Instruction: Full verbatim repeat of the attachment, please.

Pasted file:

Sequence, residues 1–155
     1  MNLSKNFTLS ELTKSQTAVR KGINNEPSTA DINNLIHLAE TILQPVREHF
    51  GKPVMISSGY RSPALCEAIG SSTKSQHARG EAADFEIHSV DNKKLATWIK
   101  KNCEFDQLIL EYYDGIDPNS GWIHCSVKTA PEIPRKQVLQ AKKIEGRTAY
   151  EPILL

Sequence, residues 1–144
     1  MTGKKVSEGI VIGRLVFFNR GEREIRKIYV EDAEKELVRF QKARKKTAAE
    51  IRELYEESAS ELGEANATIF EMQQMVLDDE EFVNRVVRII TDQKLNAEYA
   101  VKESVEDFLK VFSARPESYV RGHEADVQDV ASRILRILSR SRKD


Sequence, residues 1–155
     1  MNLSKNFTLS ELTKSQTAVR KGINNEPSTA DINNLIHLAE TILQPVREHF
    51  GKPVMISSGY RSPALCEAIG SSTKSQHARG EAADFEIHSV DNKKLATWIK
   101  KNCEFDQLIL EYYDGIDPNS GWIHCSVKTA PEIPRKQVLQ AKKIEGRTAY
   151  EPILL

Sequence, residues 1–144
     1  MTGKKVSEGI VIGRLVFFNR GEREIRKIYV EDAEKELVRF QKARKKTAAE
    51  IRELYEESAS ELGEANATIF EMQQMVLDDE EFVNRVVRII TDQKLNAEYA
   101  VKESVEDFLK VFSARPESYV RGHEADVQDV ASRILRILSR SRKD